Recently high intensity interval training (HIIT) routines have become more and more popular as an alternative to traditional steady state cardio (running, cycling, swimming etc. for more than 20 minutes at a steady intensity/pace) but what exactly is HIIT?
Simply put HIIT is a combination of high intensity bouts of exercise coupled with low intensity rest periods done back and forth for a set number of rounds, distance or time. Though this training style is just now getting more recognition it has been around since at least the early 1900’s and possibly longer. Because the definition of HIIT is relatively vague, there are many different programs that fall under this category. The main determining factor for choosing or designing a HIIT program will be your goals, as different work to rest ratios and forms of exercise will have very different outcomes. Here are a few basic examples of workouts that fall under HIIT routines.
Interval Program 1:
Cardio Machine Intervals (treadmill, elliptical, arch trainer, step machine, etc)
Warm-up: 10-15 minutes working up from low to medium intensity ending with at least 5 minutes at a 4-6 rate of perceived exertion (RPE).
Work Interval: Increase as rapidly as is comfortable to an 8-9 RPE using a combination incline, resistance, and/or speed. Hold at this rate for one minute.
Rest Interval: Drop down to a RPE of 4-5 and hold for two minutes.
Work-to-rest ratio: 1:2
Rounds: Repeat for 5-8 rounds
Cool-down: 5-10 minutes of an easy level of exertion
Interval Program 2:
Cardio/Strength Training (done with a prebuilt routine of plyometric/high intensity total body exercises).
Warm-up: 10-15 minutes of light cardio; running, jogging, jumping jacks, etc.
Work Interval: 20 seconds of 90-100% of maximum effort
Rest Interval: 10 seconds non-activity or very light walking or jogging in place.
Work-to-rest ratio: 2:1
Option A: 2 rounds each of 4 exercises; repeat total group twice.
Option B: 1-4 rounds per exercise with a total of 4-12 exercises one time through.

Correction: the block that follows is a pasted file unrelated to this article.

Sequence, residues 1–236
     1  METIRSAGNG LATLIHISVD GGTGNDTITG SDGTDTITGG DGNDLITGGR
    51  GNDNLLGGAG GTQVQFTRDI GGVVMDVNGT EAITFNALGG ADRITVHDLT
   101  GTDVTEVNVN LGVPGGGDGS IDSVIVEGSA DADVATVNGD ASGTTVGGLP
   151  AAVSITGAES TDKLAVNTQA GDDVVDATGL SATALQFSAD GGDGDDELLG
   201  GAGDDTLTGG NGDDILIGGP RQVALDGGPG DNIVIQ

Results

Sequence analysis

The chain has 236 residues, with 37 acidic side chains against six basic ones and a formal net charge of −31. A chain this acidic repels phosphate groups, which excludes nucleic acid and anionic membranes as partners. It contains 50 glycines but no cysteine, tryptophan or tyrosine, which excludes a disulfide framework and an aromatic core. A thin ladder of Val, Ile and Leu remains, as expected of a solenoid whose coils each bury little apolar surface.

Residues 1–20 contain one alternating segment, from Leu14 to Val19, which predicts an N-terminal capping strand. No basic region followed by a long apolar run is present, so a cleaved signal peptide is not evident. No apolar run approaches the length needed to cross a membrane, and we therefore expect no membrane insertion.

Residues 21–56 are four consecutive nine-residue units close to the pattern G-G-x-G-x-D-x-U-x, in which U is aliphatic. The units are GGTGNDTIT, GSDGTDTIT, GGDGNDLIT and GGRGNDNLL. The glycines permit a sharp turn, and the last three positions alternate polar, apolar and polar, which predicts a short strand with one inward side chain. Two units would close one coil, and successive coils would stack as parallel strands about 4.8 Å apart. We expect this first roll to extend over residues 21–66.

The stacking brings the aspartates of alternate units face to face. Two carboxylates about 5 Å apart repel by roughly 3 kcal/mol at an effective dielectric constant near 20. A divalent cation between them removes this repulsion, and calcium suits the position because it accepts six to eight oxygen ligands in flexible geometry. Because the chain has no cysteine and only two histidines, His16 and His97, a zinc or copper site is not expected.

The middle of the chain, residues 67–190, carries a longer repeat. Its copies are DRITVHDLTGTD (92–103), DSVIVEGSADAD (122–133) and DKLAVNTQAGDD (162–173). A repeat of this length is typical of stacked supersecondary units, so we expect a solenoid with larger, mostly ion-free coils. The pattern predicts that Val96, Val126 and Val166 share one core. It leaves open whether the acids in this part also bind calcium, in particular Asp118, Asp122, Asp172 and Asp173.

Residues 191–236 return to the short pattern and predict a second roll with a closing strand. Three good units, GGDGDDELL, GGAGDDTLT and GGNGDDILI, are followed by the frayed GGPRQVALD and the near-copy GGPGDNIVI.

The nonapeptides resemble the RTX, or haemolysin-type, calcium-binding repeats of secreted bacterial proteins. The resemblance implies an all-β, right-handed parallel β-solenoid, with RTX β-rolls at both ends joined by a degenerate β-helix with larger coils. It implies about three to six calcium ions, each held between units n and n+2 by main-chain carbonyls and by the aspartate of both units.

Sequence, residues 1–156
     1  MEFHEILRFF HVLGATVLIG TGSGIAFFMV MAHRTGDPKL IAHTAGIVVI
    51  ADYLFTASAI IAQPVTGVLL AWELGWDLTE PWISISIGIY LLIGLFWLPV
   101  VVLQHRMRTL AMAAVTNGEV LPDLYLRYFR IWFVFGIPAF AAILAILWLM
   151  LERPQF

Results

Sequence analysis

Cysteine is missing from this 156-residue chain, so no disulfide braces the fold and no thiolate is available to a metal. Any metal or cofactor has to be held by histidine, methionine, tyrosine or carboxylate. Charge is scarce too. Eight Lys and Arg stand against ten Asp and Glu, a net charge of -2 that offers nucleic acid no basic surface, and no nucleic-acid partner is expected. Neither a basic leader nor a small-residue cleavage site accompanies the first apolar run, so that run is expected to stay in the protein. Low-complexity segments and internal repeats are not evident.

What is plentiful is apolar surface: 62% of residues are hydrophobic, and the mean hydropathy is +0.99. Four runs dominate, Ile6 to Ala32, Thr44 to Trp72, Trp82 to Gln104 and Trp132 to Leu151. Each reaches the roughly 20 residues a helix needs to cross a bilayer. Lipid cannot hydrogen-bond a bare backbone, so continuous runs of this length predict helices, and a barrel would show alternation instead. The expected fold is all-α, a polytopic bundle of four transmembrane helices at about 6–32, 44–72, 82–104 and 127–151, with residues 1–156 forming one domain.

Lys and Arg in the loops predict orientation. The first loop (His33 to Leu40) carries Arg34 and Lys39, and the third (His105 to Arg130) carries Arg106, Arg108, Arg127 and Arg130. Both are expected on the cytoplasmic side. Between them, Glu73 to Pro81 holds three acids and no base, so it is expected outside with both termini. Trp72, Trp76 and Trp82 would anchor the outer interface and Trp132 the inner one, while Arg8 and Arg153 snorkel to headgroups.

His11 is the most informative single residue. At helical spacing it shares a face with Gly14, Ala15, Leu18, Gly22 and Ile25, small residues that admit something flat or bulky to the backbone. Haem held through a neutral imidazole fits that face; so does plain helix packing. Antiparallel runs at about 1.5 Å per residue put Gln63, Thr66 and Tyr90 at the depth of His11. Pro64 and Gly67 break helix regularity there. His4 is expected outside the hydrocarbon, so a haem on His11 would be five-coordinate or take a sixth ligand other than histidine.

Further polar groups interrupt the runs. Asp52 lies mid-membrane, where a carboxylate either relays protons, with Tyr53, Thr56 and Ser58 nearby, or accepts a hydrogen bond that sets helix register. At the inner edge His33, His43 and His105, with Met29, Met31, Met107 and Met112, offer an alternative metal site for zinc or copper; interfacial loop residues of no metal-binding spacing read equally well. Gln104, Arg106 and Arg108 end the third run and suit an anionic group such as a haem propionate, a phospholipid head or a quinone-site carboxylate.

Cool-down: 5-10 minutes of light cardio; jogging, walking, etc.
Interval Program 3:
Track Workout (needs to be done on a track or trail not on a treadmill)
Warm-up: 10-15 minutes of light running/jogging
Work Interval: 800-meter run at around 90% or maximum exertion. Interval should be timed (time will change with each work interval).
Rest Interval: Walk or slow jog for same time taken to complete previous 800-meter (time will change with changing time taken to complete previous 800-meter)
Work-to-rest ratio: 1:1
Rounds: 2-5 Rounds
Cool-down: Walk for 5-10 minutes
How many calories does HIIT burn?
High intensity interval training burns more calories than steady state cardio for two reasons. For one, it is completed at a more intense rate of exertion than can possibly be maintained for a longer duration workout (i.e. the pace one holds for a 30-60 stable paced minute jog), meaning that you expend more calories per minute.
In addition, HIIT is intense enough that it causes a metabolic disturbance that your body has to recover from – that recovery involves 24-48 hours of an elevated metabolism (meaning you burn calories at a higher rate even while resting). Steady rate cardio does not provide that metabolism boost, at the very least, not nearly as well as higher intensity interval training does.
How often should I do HIIT Cardio Workouts?
Your body needs time to heal itself after this kind of training, so it is not recommended that you use it more than 4 times (maximum) a week.
Other benefits of HIIT
-Reduced insulin resistance
-Better cardiac function
-Produces faster gains in endurance levels than steady state cardio
-Effective way to recruit/build type 2 Fast Twitch muscle
-Can be done anywhere; usually don’t require equipment
-Efficient in terms of time commitment
-Burns fat more effectively than endurance cardio
Fitness Blender has many, many free full length HIIT workout videos, check them out!